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of negotiability.[1] But this is disputed by Emerigon, who declares that words of negotiability are necessary.[2]

The writer has been unable to find any case in which an action has been brought by an assignee upon a policy payable to order or bearer. The nearest approach to it is an action upon a policy made “for whom it may concern at the time of the loss.” There the action was brought by the assignee of a mortgagee whose mortgage was given subsequently to the issue of the policy. It was held that he might sue for his own loss in a court of equity; and furthermore, that inasmuch as he was a purchaser for value without notice, he was entitled to his insurance money without any deduction for unpaid premiums due from the original insured, although the insurance agent would have had a lien upon the insurance moneys as against the original insured.[3] Yet this doctrine was disapproved in an action upon a policy “for whom it may concern” in two early cases in Pennsylvania.[4] In Gourdin v. Ins. Co. of North America an insurance policy was likened to a bond for the payment of money, and it was held that every defence which was available against the assignor was available against the assignee, with the one exception, where the insurer was estopped from setting up the defence.

The theory of Chief Justice Shaw above cited is applied only to fire insurance, though it might be applied to marine insurance in case there was a condition in a marine policy against the assignment of the property insured. There is no inherent difference between the contract of marine insurance and the contract of fire insurance. Both are contracts of indemnity; both are personal contracts with the insured, and both are mercantile contracts ordered and controlled by the custom of merchants. Yet the courts seem to have ruled from the earliest times that, in the case of fire insurance, no assignment of the policy and property will be valid without the consent of the insurer thereto,[5] while in marine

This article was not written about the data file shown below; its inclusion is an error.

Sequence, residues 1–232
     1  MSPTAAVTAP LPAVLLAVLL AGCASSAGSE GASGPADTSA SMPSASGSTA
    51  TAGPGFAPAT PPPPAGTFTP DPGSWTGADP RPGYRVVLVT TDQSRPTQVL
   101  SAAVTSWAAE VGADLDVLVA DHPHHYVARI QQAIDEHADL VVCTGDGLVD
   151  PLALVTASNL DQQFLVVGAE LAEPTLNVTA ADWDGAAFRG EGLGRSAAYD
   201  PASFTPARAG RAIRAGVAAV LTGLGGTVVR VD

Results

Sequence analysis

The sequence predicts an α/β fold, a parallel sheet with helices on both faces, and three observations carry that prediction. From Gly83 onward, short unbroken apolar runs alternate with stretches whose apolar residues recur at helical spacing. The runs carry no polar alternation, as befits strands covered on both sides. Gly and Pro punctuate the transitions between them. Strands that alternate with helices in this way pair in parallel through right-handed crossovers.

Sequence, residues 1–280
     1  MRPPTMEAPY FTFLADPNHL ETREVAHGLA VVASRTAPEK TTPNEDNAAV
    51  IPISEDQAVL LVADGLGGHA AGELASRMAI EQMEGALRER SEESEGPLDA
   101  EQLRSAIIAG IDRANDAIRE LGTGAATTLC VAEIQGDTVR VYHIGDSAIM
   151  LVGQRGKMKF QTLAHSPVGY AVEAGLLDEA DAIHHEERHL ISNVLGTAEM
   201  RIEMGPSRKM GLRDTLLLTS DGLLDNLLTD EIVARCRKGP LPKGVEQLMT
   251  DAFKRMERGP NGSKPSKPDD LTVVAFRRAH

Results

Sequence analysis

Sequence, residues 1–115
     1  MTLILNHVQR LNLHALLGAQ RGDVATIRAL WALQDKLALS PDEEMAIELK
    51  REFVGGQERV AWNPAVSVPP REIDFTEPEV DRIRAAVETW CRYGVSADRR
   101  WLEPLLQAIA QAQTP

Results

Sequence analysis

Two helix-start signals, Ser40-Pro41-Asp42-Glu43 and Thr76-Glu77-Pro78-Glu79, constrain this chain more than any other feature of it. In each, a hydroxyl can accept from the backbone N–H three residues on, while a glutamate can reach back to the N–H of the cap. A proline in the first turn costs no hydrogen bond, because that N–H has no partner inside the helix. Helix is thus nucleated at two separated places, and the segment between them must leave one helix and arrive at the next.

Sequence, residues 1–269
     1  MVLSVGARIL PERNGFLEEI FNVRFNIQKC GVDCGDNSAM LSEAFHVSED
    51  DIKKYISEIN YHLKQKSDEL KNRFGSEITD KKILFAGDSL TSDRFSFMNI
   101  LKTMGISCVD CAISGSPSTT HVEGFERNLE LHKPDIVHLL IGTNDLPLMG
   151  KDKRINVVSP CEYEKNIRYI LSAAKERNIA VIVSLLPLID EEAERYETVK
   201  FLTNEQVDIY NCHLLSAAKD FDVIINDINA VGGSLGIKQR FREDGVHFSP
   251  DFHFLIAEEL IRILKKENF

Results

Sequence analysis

insurance no such consent is necessary.[6] But the writer ventures


  1. 2 Valin, 45.
  2. Duer, Ins. p. 52, note (a).
  3. Rogers v. Traders’ Ins. Co., 6 Paige, 583.
  4. Rousset v. Ins. Co. of N.A., 1 Binney, 429; Gourdin v. Ins. Co. of N.A., 1 Binney, 430.
  5. Lynch v. Dalzell (supra); Sadlers Co. v. Badcock (supra).
  6. Arnold, Marine Insurance (6th ed.), 117; Powles v. Innes, ll M. & W. 10 (1843); Wakefield v. Martin, 3 Mass. 558 (1801); Earl v. Shaw, 1 Johns. Cas. 313 (1800).